Figure 8
 
Divergence of data and model RP-images. (Left) Photo in which the most vivid features are shadows forming a repetitive pattern in the lower half of the image. The data RP-image (Top, center) and model RP-image (Top, right) diverge for this photo. (Bottom row) To enable us to better visualize how the RP-images activations align to the content of the photo, we modulate the photo by the colors of the RP-images (see Methods for details). This modification reveals that the data RP-image shows a gap over the horizontal shadows, whereas the model RP-image has a high output there. In contrast, the data RP-images has relatively higher output over the two small figures on the lower left. The RP image averages results from areas V1 and V2 from the three subjects. Images modified from the copyright-free Berkeley Segmentation Dataset (Martin et al., 2001), https://www2.eecs.berkeley.edu/Research/Projects/CS/vision/grouping/resources.html. FMRI data and stimuli from Kay et al. (2008) are available at https://crcns.org/data-sets/vc/vim-1.
Figure 8
 
Divergence of data and model RP-images. (Left) Photo in which the most vivid features are shadows forming a repetitive pattern in the lower half of the image. The data RP-image (Top, center) and model RP-image (Top, right) diverge for this photo. (Bottom row) To enable us to better visualize how the RP-images activations align to the content of the photo, we modulate the photo by the colors of the RP-images (see Methods for details). This modification reveals that the data RP-image shows a gap over the horizontal shadows, whereas the model RP-image has a high output there. In contrast, the data RP-images has relatively higher output over the two small figures on the lower left. The RP image averages results from areas V1 and V2 from the three subjects. Images modified from the copyright-free Berkeley Segmentation Dataset (Martin et al., 2001), https://www2.eecs.berkeley.edu/Research/Projects/CS/vision/grouping/resources.html. FMRI data and stimuli from Kay et al. (2008) are available at https://crcns.org/data-sets/vc/vim-1.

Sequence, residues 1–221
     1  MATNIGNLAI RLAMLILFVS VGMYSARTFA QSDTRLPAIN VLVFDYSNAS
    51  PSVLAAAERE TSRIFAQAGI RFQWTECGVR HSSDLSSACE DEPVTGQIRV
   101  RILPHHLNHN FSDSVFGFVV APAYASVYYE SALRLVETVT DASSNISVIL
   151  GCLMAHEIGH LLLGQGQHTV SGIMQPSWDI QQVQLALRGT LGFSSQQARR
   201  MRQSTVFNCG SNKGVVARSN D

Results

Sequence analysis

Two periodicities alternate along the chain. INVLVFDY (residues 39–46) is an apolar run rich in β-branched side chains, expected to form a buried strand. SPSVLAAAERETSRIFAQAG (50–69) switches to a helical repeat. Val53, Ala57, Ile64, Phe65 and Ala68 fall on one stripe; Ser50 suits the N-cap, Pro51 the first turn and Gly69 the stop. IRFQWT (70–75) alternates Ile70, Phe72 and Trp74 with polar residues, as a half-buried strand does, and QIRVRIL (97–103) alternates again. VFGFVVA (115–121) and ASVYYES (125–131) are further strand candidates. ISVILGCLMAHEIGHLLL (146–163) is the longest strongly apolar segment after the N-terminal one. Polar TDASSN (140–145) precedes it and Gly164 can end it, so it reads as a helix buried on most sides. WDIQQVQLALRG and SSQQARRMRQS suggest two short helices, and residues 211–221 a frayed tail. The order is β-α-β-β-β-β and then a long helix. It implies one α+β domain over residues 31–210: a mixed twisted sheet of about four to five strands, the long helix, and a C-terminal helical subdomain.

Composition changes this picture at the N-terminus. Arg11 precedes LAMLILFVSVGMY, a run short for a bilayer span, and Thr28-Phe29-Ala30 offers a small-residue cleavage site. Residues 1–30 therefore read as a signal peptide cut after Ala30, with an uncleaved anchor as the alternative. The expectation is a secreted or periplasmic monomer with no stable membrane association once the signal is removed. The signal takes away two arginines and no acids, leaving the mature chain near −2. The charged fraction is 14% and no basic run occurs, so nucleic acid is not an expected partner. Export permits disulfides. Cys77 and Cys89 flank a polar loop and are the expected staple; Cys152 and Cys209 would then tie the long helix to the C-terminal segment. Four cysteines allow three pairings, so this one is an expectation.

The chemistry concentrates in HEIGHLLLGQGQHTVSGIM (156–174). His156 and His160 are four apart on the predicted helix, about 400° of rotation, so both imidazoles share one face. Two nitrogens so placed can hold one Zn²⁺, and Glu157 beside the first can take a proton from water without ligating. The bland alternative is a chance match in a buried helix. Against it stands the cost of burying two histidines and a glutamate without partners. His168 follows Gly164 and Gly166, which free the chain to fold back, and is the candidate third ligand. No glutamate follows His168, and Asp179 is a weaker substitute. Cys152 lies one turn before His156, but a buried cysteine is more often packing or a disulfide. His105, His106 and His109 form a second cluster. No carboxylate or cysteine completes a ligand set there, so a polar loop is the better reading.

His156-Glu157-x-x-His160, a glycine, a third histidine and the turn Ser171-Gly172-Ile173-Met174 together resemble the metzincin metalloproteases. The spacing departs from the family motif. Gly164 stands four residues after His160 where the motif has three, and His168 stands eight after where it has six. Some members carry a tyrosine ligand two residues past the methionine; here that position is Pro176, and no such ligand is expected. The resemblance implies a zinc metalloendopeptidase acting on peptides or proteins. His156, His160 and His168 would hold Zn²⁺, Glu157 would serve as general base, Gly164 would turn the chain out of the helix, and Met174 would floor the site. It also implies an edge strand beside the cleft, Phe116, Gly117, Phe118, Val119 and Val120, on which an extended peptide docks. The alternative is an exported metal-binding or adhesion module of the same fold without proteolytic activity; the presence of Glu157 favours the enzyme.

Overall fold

Figure 9
 
Characteristic divergence of data and model RP-images for extended textures. (First row) Results for photo with repetitive shadows in the ground plane showing large divergence between data and model RP-images. (Second and third row) The heads and limbs of the zebras evoked higher data RP-image activation than the center of the body, despite the high contrast stripes there which generate strong model RP-image activation. (Fourth row) The grating pattern behind the man yielded lower data RP-image activation than expected from the model RP-image which has peak activation over this pattern. RP-images average results from areas V1 and V2 from the three subjects. Images modified from the copyright-free Berkeley Segmentation Dataset (Martin et al., 2001), https://www2.eecs.berkeley.edu/Research/Projects/CS/vision/grouping/resources.html. FMRI data and stimuli from Kay et al. (2008) are available at https://crcns.org/data-sets/vc/vim-1.
Figure 9